The Tucson Conquistadores have outlined a new plan to remake the two 18-hole golf courses at Reid Park into a venue that could lure the PGA back to the city.
A key aspect of the unsolicited proposal from the group calls for selling up to 15 acres of the Randolph Golf Course along East Broadway to private developers, which would bring additional retail space across the street from El Con shopping center.
The group believes the sale of the property could fund a massive renovation of the city-owned Randolph courses, enough to bring back a Professional Golfers’ Association golf tournament to Tucson.
An annual tournament could bring in between $15 million and $25 million to the economy, said Jose Rincon, the past president of the Conquistadores, in a three-page letter to City Manager Mike Ortega. The Conquistadores are a nonprofit that supports youth programs through golf events.
The goal is to have a new PGA-approved course operational by 2021, as the Conquistadores contract with a pharmaceutical company to hold its golf tournament — the Champions Tour Cologuard Classic at the OMNI Tucson National on the northwest side — ends in 2020.
“We would like to bring professional golf and its rich tradition back to the core of our City of Tucson,” Rincon wrote. “We strongly believe that a renovated golf course could serve as the crown jewel of golf in Tucson.”
No cost estimate was attached to the plan. Nor did the Conquistadores say if they would be willing to put up their own money as part of the redevelopment of the two courses.
The group lists the University of Arizona and Rio Nuevo Multipurpose taxing district as potential partners, but officials stress the proposal is in the earliest developmental stages and hasn’t been formally discussed with the Tucson City Council.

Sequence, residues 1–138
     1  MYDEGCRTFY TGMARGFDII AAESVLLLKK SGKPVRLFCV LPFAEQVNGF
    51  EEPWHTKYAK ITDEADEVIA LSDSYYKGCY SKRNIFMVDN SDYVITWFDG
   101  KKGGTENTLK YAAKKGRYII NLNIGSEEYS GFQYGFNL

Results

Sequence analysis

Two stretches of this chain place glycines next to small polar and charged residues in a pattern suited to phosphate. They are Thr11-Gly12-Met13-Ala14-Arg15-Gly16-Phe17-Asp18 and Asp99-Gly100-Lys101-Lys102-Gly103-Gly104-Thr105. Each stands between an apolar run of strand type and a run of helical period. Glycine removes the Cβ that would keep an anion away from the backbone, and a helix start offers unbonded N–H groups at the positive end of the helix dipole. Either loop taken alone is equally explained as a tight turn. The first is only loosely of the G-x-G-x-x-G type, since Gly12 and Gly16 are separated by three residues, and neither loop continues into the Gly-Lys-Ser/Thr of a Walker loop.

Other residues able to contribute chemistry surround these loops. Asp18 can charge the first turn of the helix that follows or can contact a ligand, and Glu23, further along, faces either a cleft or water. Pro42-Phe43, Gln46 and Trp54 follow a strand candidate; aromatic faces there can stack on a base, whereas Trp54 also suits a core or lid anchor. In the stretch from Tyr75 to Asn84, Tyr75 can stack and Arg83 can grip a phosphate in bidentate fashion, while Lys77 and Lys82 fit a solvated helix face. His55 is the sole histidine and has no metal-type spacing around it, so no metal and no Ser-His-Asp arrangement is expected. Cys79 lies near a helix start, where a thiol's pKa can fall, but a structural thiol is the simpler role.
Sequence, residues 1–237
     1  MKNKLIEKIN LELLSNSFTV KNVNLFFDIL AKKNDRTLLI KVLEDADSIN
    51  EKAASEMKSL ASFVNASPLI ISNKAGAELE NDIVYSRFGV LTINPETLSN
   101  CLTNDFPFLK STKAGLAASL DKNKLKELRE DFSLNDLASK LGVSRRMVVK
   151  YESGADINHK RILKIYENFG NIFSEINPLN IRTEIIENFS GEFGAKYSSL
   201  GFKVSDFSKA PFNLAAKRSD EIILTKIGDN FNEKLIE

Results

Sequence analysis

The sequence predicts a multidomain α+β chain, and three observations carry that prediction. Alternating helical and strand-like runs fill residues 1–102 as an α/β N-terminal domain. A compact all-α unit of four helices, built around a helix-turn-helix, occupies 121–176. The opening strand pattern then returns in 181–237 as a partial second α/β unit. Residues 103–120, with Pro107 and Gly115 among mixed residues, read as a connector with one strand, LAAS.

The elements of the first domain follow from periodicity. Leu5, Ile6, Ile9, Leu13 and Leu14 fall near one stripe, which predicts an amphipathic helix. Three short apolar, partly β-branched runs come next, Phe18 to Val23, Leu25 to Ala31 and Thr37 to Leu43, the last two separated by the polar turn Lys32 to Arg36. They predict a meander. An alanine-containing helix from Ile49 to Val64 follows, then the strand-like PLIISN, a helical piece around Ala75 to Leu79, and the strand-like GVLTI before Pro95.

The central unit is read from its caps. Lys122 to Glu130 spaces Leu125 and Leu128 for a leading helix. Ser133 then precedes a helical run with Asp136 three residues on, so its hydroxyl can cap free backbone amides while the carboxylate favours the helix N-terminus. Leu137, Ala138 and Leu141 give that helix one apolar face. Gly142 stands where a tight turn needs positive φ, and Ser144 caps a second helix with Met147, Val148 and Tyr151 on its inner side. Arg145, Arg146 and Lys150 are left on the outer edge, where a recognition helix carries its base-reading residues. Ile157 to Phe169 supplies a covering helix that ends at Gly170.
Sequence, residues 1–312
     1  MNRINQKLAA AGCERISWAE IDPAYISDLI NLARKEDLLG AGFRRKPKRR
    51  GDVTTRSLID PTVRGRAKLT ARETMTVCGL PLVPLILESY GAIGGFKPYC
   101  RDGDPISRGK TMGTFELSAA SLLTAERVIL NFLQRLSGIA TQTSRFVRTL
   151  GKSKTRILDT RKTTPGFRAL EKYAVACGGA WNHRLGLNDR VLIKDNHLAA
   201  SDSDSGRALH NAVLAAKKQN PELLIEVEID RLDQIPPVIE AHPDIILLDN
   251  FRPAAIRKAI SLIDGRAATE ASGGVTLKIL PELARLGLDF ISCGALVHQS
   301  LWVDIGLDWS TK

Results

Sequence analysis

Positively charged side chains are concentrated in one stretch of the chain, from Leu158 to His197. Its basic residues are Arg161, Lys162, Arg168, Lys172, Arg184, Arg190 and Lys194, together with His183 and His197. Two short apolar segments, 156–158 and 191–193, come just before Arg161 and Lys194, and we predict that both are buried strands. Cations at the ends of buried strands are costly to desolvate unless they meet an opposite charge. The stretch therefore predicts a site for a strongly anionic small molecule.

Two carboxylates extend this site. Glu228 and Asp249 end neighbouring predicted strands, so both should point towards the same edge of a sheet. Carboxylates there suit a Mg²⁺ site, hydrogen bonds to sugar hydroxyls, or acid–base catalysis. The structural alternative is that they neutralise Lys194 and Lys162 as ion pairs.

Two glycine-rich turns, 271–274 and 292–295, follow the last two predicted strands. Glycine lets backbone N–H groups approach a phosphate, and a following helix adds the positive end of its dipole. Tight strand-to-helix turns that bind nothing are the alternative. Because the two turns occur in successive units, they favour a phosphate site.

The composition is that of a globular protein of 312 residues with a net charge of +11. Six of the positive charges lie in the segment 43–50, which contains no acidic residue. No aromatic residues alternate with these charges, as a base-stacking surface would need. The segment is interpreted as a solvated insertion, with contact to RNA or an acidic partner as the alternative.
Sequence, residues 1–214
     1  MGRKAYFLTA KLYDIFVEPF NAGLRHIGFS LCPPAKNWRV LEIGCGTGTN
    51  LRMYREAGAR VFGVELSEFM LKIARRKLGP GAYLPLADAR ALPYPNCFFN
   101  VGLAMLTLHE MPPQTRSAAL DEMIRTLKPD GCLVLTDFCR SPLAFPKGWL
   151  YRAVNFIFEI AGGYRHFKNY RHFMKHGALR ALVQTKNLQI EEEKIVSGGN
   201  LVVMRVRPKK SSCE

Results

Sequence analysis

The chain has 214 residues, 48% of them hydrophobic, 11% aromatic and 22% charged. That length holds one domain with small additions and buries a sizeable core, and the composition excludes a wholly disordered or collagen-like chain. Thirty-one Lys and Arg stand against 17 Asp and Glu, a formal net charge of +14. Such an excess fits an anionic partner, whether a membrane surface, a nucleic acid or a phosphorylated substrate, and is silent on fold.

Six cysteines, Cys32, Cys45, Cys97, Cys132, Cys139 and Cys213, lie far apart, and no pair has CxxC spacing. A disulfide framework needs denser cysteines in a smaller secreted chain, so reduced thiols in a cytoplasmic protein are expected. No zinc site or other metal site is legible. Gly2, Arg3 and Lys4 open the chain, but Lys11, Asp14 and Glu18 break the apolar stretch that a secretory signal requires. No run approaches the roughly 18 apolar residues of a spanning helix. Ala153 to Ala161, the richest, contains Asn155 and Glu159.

The city is evaluating the proposal, but it is unclear whether it would help or hinder Tucson’s efforts to address a major, long-term issue to keeping city courses open — how to pay for an estimated $20 million in much-needed capital improvements at the five city-owned courses. Ortega has scheduled a formal council discussion for May 22.
Ortega cautioned city officials are reviewing the proposal brought forward by the community group and it should not be taken as a sign that there is support to sell property along Broadway or to reduce the number of playable rounds of golf at Reid Park.
The Conquistadores, however, are optimistic that with a newly renovated golf course, the Arizona Wildcats’ golf teams could make Randolph their home course. Currently, the teams use Sewailo Golf Course at Casino Del Sol, which is about 9 miles from the UA campus.
The group’s proposal also calls for turning the Randolph Tennis Center in a “grade-A facility.”
With the UA’s baseball team already using Hi Corbett Field at Reid Park, the group imagines that sometime after 2021, the Wildcats could establish what the Conquistadores call a “UA sports hub” at Reid Park.
But at least one city councilman is skeptical that such a broad proposal could come together quickly, if at all.
“UA Athletics has five major capital projects going on right now valued at between $60 million and $70 million,” said Councilman Steve Kozachik, who also is the associate director of athletics facilities and capital projects at the University of Arizona.
And while he made it clear he wasn’t speaking for the UA, Kozachik said he’d be in the loop on any serious discussions related to new facilities.
“Nothing I’ve heard indicates that plowing another several million athletic department dollars into the renovation of Randolph Golf course is anything on our near-term priority list. Certainly not to meet the Conquistadores goal of 2021,” he said.
Additionally, Kozachik said the Conquistadores have to carefully balance the needs of professional golfers and the thousands of golfers who use the two 18-hole Reid Park courses every year.
“Everyone agrees seeing the PGA back in midtown would be a great thing, but not at all costs,” he said. “We have a $25 million capital need on the existing golf enterprise. Nobody seems to want to talk about how we fund that, much less the costs we’d take on if Randolph suddenly became a course we’d have to maintain to the level pros want.”
He also notes that the only real identified funding source for the project is the city of Tucson.
“The people who want this need to bring some serious cash to the table and quit setting dates that send a message this is farther along than just having seen some eye candy of what a new course would look like,” Kozachik said.